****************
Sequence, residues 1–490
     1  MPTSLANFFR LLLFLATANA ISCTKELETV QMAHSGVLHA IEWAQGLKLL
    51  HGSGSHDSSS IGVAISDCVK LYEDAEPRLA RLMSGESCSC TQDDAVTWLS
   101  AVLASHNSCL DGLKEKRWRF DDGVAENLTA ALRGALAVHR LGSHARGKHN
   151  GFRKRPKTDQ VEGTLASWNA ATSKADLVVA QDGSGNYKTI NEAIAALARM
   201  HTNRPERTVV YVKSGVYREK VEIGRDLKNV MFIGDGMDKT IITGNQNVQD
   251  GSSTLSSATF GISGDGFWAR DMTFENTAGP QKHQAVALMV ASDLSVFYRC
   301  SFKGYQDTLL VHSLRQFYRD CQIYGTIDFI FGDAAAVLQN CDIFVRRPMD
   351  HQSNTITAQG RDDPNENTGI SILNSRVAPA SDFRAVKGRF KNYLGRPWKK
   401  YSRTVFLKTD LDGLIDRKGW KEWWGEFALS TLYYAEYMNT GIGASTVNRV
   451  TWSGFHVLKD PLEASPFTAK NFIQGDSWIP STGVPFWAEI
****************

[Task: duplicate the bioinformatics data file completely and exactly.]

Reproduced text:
Sequence, residues 1–490
     1  MPTSLANFFR LLLFLATANA ISCTKELETV QMAHSGVLHA IEWAQGLKLL
    51  HGSGSHDSSS IGVAISDCVK LYEDAEPRLA RLMSGESCSC TQDDAVTWLS
   101  AVLASHNSCL DGLKEKRWRF DDGVAENLTA ALRGALAVHR LGSHARGKHN
   151  GFRKRPKTDQ VEGTLASWNA ATSKADLVVA QDGSGNYKTI NEAIAALARM
   201  HTNRPERTVV YVKSGVYREK VEIGRDLKNV MFIGDGMDKT IITGNQNVQD
   251  GSSTLSSATF GISGDGFWAR DMTFENTAGP QKHQAVALMV ASDLSVFYRC
   301  SFKGYQDTLL VHSLRQFYRD CQIYGTIDFI FGDAAAVLQN CDIFVRRPMD
   351  HQSNTITAQG RDDPNENTGI SILNSRVAPA SDFRAVKGRF KNYLGRPWKK
   401  YSRTVFLKTD LDGLIDRKGW KEWWGEFALS TLYYAEYMNT GIGASTVNRV
   451  TWSGFHVLKD PLEASPFTAK NFIQGDSWIP STGVPFWAEI